The average number of appearances on Q&A for tonight’s guests is a whopping 5 (25 total appearances by five guests). Q&A, as usual, does not offer a diversity of voices, but essentially the same few voices from the major political parties week after week. It is a slightly alarming fact that, of the 690 panel spots offered by Q&A since it began in 2008, 356 of them (51.6%) have been filled by just 71 different people (the people who have been on Q&A 3 or more times, note figure 2). Figure 2 (The elite 71):
Of course, having the same people on week after week means fewer different voices are heard. As you can see from figure 1 above, even though Queensland has had 60 total appearances, only 24 different Queenslanders have appeared on the panel (as opposed to NSW with 323 appearances and 158 different panellists). Figure 1 is also interesting because it shows that Australia’s fourth most populous state, Western Australia, has had less different guests on Q&A (12) than the UK (16). Meanwhile, Tasmania (11), the ACT (10) and the NT (7) have had less different people on the show than both the UK and the USA (12).
Why does Q&A feature the same voices over and over again? In its response to questions from IA [see the ABC's full responses to our questions at the end of the article], it says this is because
“Usually two and sometimes three politicians are included on each panel. The small number of senior politicians inevitably leads to repeat appearances.”
This response is belied by Figure 2, which shows many of the “elite” are not politicians at all — but are more often than not News Ltd or Fairfax journalists, or lobbyists, actors, comedians, business executives, political staffers and even scientists (along with many other non-politicians). But even if we ignore this and take the ABC’s claim at face value, some senior politicians, as you can see by figure 3, have never been selected to appear on Q&A, including former deputy Labor leader Jenny Macklin and Energy Minister Martin Ferguson. Figure 3 (The political non-elite):
The ABC’s false balance
Q&A has been touched by controversy for almost its entire existence. As early as series one, in 2008, it was accused by conservatives of having on more progressive panellists (and even audience members) than conservatives (an assertion my research indicates, in fact, is false). The selection of the tweets it chooses to broadcast while the show airs has also raised some eyebrows, and even led to a public apology to Christopher Pyne on one occasion. Also, in 2010, a lobbyist for Gunn’s pulp mill, Sue Cato, appeared on the show without her paymaster being properly disclosed to viewers. (We will discuss how Q&A continues to neglect to properly accredit lobbyists from the IPA later in this piece.)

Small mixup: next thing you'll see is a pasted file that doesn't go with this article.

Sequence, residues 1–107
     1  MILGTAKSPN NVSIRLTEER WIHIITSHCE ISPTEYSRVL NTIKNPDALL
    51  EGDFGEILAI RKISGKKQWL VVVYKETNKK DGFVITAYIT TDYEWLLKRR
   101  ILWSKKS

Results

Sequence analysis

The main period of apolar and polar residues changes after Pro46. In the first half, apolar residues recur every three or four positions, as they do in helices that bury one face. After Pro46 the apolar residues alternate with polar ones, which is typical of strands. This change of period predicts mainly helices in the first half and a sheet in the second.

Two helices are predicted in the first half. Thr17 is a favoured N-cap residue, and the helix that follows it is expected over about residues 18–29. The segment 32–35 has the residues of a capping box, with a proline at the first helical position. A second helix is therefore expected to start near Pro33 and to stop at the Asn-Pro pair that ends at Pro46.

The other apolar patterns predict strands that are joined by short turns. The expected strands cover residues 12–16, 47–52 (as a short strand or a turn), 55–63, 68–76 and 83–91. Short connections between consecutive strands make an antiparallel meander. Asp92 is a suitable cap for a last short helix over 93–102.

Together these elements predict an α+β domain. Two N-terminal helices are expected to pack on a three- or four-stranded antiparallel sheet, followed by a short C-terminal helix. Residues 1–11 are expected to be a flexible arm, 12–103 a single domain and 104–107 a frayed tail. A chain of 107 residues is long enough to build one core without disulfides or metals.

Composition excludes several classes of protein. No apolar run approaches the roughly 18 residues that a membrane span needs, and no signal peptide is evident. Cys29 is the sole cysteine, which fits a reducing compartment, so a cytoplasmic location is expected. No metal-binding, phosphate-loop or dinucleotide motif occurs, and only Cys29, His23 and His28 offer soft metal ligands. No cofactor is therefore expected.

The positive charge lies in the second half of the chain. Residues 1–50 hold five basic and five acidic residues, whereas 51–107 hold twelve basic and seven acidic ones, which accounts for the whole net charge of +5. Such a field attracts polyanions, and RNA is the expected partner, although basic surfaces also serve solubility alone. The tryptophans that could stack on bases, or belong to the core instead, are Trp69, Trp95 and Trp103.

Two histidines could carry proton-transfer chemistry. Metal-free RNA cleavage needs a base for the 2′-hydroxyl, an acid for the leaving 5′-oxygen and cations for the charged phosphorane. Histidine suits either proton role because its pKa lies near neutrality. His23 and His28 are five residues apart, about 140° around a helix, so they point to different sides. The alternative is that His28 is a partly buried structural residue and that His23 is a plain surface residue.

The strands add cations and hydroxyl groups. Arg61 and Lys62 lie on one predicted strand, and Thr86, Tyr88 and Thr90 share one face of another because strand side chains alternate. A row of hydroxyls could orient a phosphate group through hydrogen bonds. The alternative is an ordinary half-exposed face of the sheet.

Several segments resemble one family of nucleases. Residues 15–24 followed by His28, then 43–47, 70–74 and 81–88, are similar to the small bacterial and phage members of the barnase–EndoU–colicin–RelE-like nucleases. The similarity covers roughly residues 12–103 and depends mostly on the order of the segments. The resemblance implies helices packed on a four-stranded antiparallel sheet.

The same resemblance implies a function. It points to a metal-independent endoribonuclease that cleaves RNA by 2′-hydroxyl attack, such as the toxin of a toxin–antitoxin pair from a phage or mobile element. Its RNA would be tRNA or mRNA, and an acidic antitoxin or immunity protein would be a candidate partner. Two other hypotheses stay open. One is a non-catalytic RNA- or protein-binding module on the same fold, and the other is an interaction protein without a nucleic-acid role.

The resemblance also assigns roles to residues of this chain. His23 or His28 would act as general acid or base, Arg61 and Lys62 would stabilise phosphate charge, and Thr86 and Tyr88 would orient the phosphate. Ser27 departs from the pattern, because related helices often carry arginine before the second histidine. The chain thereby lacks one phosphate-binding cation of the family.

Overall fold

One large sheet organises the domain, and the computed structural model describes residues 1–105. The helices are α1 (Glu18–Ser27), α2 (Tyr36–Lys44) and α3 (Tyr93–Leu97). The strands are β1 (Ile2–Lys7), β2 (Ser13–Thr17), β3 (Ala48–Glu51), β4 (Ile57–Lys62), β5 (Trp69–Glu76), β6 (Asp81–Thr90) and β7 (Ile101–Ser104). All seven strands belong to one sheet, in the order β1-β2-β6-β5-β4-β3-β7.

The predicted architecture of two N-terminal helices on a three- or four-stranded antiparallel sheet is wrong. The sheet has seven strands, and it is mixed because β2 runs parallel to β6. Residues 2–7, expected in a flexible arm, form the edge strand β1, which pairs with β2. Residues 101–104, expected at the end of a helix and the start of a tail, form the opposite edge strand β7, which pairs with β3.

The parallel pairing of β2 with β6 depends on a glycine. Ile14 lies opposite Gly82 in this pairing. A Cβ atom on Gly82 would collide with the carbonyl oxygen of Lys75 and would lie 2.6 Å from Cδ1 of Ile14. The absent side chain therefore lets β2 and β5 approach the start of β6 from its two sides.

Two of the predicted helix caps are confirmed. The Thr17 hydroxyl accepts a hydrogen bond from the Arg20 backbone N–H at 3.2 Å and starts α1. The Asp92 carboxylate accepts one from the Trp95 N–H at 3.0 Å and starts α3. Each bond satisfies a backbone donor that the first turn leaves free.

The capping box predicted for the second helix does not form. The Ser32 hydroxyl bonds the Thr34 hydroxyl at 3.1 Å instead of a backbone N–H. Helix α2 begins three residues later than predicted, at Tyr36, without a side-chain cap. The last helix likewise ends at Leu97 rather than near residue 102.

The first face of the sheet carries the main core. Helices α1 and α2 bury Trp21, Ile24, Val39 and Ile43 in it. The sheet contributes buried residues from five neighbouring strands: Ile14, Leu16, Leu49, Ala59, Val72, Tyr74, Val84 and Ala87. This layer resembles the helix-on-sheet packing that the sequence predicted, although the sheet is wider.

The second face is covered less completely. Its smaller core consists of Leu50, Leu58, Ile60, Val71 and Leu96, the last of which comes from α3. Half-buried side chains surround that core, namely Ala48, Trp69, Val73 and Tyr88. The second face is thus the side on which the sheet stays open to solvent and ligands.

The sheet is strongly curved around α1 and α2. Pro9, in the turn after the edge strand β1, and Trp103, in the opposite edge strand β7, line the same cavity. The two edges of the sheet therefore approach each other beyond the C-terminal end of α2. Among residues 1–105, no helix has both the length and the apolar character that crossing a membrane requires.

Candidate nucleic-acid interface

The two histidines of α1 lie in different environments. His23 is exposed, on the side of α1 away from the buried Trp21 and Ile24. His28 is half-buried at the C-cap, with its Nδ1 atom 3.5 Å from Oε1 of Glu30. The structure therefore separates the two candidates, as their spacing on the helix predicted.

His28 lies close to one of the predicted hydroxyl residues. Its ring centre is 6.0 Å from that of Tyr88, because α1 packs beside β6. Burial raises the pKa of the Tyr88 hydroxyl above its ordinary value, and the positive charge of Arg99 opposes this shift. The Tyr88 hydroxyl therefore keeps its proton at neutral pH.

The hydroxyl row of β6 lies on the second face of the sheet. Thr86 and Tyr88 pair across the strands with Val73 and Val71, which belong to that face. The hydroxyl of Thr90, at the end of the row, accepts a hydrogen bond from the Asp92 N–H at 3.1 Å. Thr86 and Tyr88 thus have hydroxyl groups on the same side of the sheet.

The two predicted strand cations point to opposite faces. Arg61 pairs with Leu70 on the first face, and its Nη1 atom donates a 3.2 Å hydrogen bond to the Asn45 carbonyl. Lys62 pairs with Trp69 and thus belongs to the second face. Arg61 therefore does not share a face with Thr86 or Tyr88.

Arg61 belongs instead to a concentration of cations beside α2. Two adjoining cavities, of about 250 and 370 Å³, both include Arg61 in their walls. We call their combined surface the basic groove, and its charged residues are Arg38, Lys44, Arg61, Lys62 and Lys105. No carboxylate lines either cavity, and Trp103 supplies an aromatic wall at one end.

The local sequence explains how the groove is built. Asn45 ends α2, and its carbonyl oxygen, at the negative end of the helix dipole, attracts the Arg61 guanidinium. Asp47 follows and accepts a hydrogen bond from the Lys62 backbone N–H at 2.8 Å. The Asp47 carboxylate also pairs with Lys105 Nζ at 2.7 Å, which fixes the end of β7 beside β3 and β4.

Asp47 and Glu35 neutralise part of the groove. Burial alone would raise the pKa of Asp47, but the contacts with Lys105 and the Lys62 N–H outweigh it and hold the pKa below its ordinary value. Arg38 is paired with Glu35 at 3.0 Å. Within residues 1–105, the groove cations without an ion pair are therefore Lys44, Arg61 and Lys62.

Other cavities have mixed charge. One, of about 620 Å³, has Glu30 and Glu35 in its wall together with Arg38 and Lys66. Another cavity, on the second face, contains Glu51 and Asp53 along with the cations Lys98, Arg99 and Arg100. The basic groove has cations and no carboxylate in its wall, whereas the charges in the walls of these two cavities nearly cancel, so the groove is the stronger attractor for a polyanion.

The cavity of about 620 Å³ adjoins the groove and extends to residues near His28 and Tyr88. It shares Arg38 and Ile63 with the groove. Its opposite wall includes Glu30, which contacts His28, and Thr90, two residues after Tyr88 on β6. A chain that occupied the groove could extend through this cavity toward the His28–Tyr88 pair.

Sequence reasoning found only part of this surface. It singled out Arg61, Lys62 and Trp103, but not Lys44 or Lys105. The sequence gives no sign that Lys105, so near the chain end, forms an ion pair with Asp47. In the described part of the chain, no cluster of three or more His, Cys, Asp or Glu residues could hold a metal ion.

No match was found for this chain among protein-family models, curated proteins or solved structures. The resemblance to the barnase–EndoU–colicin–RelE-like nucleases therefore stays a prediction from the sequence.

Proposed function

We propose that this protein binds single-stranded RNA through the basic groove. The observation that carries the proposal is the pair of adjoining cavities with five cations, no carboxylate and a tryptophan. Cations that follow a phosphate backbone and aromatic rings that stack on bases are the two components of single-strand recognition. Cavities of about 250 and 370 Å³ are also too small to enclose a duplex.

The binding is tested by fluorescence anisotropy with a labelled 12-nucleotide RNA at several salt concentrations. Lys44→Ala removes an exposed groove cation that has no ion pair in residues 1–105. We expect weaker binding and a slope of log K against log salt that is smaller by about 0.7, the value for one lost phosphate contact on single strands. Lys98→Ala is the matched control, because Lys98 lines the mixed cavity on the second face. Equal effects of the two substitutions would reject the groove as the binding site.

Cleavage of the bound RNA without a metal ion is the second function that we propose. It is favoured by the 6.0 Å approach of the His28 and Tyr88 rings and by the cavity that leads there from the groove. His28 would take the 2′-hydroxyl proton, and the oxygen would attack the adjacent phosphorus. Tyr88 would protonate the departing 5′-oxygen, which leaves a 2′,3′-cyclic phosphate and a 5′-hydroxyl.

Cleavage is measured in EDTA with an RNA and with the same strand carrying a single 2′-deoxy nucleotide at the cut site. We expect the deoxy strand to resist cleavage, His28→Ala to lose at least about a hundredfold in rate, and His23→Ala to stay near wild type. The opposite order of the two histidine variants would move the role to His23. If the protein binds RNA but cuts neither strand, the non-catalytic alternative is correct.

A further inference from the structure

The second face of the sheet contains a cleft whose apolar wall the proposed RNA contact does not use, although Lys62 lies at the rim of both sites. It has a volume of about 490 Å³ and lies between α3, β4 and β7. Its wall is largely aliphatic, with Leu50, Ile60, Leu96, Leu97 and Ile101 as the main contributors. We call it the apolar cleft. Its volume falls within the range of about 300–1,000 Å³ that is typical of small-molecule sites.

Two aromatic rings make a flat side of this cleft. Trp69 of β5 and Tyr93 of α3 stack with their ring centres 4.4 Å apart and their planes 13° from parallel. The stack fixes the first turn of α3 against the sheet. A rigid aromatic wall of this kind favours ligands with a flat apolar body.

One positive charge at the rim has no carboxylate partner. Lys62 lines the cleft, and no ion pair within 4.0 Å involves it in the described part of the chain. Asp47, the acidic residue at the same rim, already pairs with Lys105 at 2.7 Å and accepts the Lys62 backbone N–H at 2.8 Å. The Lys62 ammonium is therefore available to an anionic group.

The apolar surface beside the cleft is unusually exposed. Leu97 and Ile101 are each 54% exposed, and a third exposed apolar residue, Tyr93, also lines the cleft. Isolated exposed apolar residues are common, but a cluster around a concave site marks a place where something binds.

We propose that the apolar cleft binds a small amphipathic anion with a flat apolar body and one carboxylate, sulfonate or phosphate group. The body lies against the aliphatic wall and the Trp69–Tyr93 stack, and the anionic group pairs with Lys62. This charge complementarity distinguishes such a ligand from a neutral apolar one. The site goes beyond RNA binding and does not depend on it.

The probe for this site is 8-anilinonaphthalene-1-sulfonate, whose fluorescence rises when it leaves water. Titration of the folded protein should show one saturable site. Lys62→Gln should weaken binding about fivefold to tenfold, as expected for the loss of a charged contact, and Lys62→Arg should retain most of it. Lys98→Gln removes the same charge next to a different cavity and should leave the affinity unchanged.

But it is its treatment of the debate over climate science and carbon pollution that has led to the majority of criticism from viewers. The criticism is mainly to do with the fact that even though anthropogenic (man-made) climate change science has now been scientifically established beyond any significant scientific doubt, Q&A repeatedly questions the science of climate change and puts denialists on the show, thereby creating the illusion that there is a real and current scientific controversy. This is when a debate is even allowed about carbon pollution and how to deal with it.
In May 2011, for example, with the assistance of e-democracy platform OurSay, Q&A producer Peter McEvoy decided to permit the tiniest exercise of democracy on the program, by allowing the popular selection of a single question for the panel on one particular night. Freelance journalist and OurSay volunteer Gary Newman explained the situation in Crikey: